Posts Tagged ‘Charles Wick Moorman’

Moorman Set to Leave Amtrak Dec. 31

December 15, 2017

Amtrak co-CEO Charles “Wick” Moorman is about at the end of the line as the head of the rail passenger carrier.

Moorman

Moorman, who came on board as CEO in September 2016 after a long career at Norfolk Southern that included serving as the company’s CEO, will leave Amtrak on Dec. 31. He plans to continue to serve the carrier as a senior adviser.

When he agreed to take the Amtrak job, Moorman made it clear he would only serve as a transitional CEO and assist the process of finding his replacement.

That led the Amtrak board of directors last June to hire Richard Anderson, a former Delta Air Lines CEO. Anderson and Moorman have held the co-CEO titles since then.

“I have greatly enjoyed my time at Amtrak, and firmly believe that the company is well-positioned for the future,” Moorman said in a statement. “I look forward to continuing my work with Richard and the entire Amtrak team to further advance passenger rail in this country.”

When Moorman was hired, he was assigned the responsibility to focus on improving operations, streamlining Amtrak’s organizational structure, and finding his successor.

Moorman has had his share of challenges, including an emergency program to rebuild track at New York Penn Station and improving the company’s safety culture.

The latter was described as “broken” by a National Transportation Safety Board report on an accident that left two Amtrak maintenance workers dead when they were struck by a train at Chester, Pennsylvania.

Amtrak has also shown concepts for high-speed equipment slated to replace Acela train sets in the Northeast Corridor and put into service new locomotives built by Siemens.

“The Board is grateful for Wick’s significant contributions since he joined the company, and we are pleased that he is continuing to serve as a senior advisor,” said Tony Coscia, chairman of the Amtrak board.

Advertisements

Amtrak Set Revenue Record in November

December 14, 2017

Amtrak said this week that it garnered record revenue in November of $204.7 million in system-wide adjusted ticket revenue, the best month in the company’s history.

In a news release, Amtrak said that Thanksgiving continued to be its busiest week of the year with a record 777,897 riders riding the train and generating $61 million in gross ticket revenue.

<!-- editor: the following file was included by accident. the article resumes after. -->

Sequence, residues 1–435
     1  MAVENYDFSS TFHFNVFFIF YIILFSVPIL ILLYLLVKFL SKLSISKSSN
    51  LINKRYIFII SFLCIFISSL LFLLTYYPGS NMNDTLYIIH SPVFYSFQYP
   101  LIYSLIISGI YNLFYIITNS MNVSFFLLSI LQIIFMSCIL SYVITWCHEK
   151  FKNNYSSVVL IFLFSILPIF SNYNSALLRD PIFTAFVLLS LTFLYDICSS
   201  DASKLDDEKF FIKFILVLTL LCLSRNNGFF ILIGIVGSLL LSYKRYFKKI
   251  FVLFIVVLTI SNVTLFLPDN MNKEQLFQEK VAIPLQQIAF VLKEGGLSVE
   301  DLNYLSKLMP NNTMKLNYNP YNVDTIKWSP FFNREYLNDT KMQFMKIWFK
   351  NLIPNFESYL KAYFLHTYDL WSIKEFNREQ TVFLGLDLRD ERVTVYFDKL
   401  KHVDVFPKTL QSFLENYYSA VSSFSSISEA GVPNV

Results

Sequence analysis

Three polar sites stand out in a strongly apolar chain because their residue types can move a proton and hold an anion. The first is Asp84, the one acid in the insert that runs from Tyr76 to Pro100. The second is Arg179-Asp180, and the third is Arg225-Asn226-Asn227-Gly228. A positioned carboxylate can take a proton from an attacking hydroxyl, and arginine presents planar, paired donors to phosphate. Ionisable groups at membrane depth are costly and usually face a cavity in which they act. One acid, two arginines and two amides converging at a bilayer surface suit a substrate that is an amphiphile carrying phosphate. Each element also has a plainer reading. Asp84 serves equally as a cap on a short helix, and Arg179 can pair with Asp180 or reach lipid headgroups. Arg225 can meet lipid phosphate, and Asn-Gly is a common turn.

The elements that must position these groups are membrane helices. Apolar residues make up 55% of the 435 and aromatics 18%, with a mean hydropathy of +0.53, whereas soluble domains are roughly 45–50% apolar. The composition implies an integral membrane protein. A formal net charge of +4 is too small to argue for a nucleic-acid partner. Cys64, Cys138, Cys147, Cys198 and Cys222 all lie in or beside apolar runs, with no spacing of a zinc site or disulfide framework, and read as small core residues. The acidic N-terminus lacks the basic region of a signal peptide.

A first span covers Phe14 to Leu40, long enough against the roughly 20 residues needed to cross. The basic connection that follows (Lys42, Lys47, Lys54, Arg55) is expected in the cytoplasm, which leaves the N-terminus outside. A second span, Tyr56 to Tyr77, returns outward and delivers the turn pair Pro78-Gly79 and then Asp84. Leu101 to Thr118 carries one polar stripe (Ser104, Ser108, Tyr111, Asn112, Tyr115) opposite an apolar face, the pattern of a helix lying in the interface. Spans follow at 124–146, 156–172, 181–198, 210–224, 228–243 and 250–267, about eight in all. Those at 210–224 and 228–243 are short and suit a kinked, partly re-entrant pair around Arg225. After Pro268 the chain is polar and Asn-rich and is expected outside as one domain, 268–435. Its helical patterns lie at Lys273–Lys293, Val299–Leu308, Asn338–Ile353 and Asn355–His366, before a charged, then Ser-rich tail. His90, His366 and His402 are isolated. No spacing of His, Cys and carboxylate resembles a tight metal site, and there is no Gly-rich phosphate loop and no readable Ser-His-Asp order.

“More customers are choosing Amtrak as it is simply the smarter way to travel. We look forward to providing the Amtrak experience to more customers over the December holidays,” said Amtrak Co-CEO Charles “Wick” Moorman in a statement.

Amtrak said it is encouraging passengers to make their reservations now for Christmas season travel because it expects its trains to carry heavy crowds this month.

Passengers can save up to 25 percent on tickets, as 7-day and 14-day advance purchase saver fares are still available, the carrier said.

Moorman Looks Back on Amtrak Tenure

December 5, 2017

You could say that Amtrak co-CEO Charles “Wick” Moorman is a big fan of his fellow CEO Richard Anderson.

Moorman

“We really hit a home run in that Richard Anderson agreed to come on board,” Moorman said during a speech last week at the RailTrends 2017 conference.

Moorman cited Anderson’s leadership skills, saying Amtrak needs his aggressive nature.

During his presentation, Moorman also said Amtrak has made progress in such areas as safety, maintenance and customer service.

The former CEO of Norfolk Southern also singled out the passenger carrier’s new chief financial officer, William Feidt, who Moorman said has brought discipline to Amtrak that was lacking.

Moorman said Chief Marketing Officer Tim Griffin understands marketing a passenger service as well as revenue and yield management. “We have a first-rate management team now,” Moorman said.

Griffin and Anderson have both worked in the airline industry with Anderson having been a former CEO at Delta Air Lines.

Moorman, who will leave Amtrak soon, said that although the passenger carrier is developing a better safety culture, it continues to trail Class I railroads in those efforts.